Abuse and its Aftermaths

Light of truth

Jacob Chanikuzhy

Desperate situations can be powerful catalysts that empower the weak and vulnerable people to invent ingenious solutions to their miserable situations. The story of Tamar in Genesis 38 is a case in point. According to this story, the Patriarch Judah had three sons: Er, Onan and Shelah. Tamar was the wife of Er and he died without children. According to Levirate law, Onan had to marry Tamar and produce children for his brother Er in order to perpetuate his name and inherit his property. This custom would also help Tamar to have men and means for her support. But Onan, probably with an eye to get the double portion of the inheritance due to the eldest son, declined to beget a child for Er. Though he used Tamar for sex he made it sure that Tamar did not get pregnant. It was a disgrace for Tamar to be childless because people would think that it was God’s punishment. Though Tamar realized the abuse she was subjected to, she was incapable of stopping it. But God did stop it and Onan died.

Judah was bound to give his youngest son Shelah to Tamar as her husband. But Judah sent her to her ancestral home with a promise that he would give her Selah later, which he never did. What the Patriarch did to Tamar was injustice. Since the messiah was to be born from the line of Judah and since Tamar was the right woman to bear a child from the family of Judah, Judah’s act in view of excluding her from his family was a very unkind. Tamar was not in a position to oppose her powerful father–in–law. Still, she was not ready to give in. She resorted to something very strange. Wailing her face she sat on the way of Judah’s journey. Judah, taking her for a prostitute, had his way with her. Tamar had obtained the staff and seal of Judah as a pledge for her reward.

When the news of Tamar’s pregnancy reached Judah he ordered that she be burnt. Tamar sends to Judah the staff and seal she received from the father of her child. Judah recognizes that the father is none other than himself. He readily admits his unrighteousness. Judah’s response was really magnanimous. He acknowledges that Tamar was more righteous than himself.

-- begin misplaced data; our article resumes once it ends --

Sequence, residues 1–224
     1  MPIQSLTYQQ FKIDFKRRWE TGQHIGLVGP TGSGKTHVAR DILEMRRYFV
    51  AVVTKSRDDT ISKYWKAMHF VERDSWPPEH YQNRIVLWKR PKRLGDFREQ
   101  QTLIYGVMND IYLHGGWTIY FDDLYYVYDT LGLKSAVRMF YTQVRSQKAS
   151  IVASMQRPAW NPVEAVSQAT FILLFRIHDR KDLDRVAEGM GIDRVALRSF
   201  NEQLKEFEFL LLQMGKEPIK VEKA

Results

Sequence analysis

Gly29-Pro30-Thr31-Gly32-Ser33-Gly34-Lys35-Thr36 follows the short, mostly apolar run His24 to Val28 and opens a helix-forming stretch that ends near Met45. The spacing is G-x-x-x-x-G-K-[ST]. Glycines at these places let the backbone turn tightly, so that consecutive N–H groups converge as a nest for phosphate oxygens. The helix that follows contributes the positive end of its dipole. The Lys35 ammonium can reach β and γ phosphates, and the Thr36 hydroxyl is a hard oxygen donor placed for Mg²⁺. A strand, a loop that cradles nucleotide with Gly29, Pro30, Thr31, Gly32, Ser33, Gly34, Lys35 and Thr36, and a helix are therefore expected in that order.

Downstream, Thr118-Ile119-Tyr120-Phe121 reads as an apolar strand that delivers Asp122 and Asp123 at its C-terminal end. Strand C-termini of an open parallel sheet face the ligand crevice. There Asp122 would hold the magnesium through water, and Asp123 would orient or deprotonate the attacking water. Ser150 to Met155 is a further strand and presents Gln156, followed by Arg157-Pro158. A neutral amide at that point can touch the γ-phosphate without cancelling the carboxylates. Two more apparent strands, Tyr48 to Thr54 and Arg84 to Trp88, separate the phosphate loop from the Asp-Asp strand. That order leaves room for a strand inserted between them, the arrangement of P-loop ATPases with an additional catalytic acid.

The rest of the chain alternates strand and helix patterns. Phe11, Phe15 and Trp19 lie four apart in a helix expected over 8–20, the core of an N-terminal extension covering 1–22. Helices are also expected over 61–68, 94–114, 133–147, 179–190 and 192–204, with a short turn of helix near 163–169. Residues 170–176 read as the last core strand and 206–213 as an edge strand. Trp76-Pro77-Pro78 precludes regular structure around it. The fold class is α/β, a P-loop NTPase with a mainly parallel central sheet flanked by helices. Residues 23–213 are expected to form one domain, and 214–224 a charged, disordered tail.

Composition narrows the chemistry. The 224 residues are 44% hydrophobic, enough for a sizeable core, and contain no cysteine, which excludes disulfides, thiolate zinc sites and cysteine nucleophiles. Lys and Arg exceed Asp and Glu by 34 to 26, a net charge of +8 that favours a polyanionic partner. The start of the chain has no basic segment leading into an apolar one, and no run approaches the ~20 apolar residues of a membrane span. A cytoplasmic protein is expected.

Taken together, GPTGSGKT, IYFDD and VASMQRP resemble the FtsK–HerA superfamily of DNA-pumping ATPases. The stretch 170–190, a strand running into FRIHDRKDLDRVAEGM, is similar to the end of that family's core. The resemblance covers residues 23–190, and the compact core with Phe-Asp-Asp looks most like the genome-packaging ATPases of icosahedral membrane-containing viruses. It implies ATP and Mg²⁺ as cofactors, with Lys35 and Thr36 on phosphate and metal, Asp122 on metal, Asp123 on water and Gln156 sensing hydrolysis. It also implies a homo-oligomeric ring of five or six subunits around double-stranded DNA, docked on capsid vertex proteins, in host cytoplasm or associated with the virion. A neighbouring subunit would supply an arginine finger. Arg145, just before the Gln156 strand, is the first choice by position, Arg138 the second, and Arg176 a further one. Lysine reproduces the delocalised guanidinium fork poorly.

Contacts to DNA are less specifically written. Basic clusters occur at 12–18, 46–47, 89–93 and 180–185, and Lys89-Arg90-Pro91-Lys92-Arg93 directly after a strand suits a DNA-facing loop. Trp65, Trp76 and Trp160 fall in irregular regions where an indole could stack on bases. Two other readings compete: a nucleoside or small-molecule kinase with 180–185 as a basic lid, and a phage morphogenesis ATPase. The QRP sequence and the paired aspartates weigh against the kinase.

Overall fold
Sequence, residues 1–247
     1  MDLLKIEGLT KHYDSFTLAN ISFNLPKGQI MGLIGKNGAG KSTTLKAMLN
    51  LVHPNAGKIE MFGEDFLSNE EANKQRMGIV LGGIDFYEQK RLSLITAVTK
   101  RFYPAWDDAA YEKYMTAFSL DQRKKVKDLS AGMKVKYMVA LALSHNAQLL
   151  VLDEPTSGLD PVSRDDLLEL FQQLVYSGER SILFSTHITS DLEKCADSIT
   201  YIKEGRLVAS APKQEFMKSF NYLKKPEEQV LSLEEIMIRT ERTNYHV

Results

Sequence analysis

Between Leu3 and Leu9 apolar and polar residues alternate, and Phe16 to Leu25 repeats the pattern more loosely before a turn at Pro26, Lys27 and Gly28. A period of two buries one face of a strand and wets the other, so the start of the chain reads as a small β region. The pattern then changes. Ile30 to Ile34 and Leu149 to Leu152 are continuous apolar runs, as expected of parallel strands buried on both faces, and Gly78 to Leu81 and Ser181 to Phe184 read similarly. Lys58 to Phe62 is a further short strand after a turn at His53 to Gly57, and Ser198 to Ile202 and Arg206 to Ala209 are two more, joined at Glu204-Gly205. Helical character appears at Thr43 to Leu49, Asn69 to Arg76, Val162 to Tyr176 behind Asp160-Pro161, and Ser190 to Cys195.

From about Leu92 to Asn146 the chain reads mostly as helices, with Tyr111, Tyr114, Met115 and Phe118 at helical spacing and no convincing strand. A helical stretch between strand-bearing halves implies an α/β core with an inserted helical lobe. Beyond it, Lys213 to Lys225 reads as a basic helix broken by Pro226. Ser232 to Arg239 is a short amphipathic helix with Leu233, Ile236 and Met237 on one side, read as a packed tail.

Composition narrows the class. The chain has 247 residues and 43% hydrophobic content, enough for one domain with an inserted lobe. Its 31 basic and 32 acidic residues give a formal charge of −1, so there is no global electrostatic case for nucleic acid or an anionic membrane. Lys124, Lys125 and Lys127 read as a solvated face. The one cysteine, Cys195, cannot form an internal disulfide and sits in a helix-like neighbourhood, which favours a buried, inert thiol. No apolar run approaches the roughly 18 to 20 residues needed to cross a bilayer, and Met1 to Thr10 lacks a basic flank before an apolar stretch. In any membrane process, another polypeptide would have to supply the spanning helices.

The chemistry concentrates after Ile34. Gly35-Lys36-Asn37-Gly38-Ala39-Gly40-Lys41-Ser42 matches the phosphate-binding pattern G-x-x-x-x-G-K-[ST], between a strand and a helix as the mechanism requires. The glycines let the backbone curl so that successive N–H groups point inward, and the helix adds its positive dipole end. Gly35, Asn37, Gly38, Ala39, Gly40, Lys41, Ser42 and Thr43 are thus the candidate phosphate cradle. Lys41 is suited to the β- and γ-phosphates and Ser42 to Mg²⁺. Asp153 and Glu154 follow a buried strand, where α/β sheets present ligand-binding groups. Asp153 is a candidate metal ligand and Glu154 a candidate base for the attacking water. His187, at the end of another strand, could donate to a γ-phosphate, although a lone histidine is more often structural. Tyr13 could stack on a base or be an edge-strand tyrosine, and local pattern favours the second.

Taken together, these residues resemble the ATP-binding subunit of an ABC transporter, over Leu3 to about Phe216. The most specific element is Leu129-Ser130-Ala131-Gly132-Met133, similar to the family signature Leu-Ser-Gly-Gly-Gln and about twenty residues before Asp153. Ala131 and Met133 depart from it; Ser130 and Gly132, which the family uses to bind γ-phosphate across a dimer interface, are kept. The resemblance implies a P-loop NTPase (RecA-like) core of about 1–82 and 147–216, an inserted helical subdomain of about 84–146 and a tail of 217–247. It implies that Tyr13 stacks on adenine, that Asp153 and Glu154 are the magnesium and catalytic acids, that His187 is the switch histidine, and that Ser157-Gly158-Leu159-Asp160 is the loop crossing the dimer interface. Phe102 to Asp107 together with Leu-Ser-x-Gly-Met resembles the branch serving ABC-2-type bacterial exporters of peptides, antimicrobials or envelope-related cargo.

When reading the story of Tamar most people would only condemn Tamar. They might argue that she should have suffered all the injustice to protect the honour of the patriarch, reputation of the family and the well-being of the tribe. To them the honour of an unjust patriarch is more valuable than the life of a victimized woman. They would only wonder how Judah could agree with the weird course of action taken by Tamar.

Tamar’s defiant behaviour did not lead Judah to arrogant self-defence and revenge, rather to humble introspection and confession. He recognized that she crossed the conventional boundaries in order to get justice. It was Judah’s merit that he could not only see what Tamar did but also see through it. He was honest enough to realize that what she did was not the result of her free choice. He knew that she was forced to take a desperate action because of the callous injustice he had been doing to her. He believed that she deserved forgiveness as her offence was mostly provoked by his own wrongdoings.

Tamar considered obedience to the divine law given through Moses as more important than submission to social powers and pressures. She was willing to risk her honour and life to get justice done to her. She discerned what was right in an ambiguous situation where the honour of the family and her own rights were pitched against each other. God willed that the line of the Messiah should be continued through this woman who was loyal to the divine law of justice and who found ways to claim her rights even at the risk of being unfavourably branded.

With the confession of Judah began his redemption. God blessed him with two sons instead of the two sons he lost. Besides, he became a changed man. Through the shameful phases, God raised him to a glorious state. As the story progresses we see him risking his own life for the life of his brother Benjamin (Genesis 44:33). Thus Judah becomes, or rather God makes him, the worthy forefather of the Messiah who would eventually lay down his life for his brethren.


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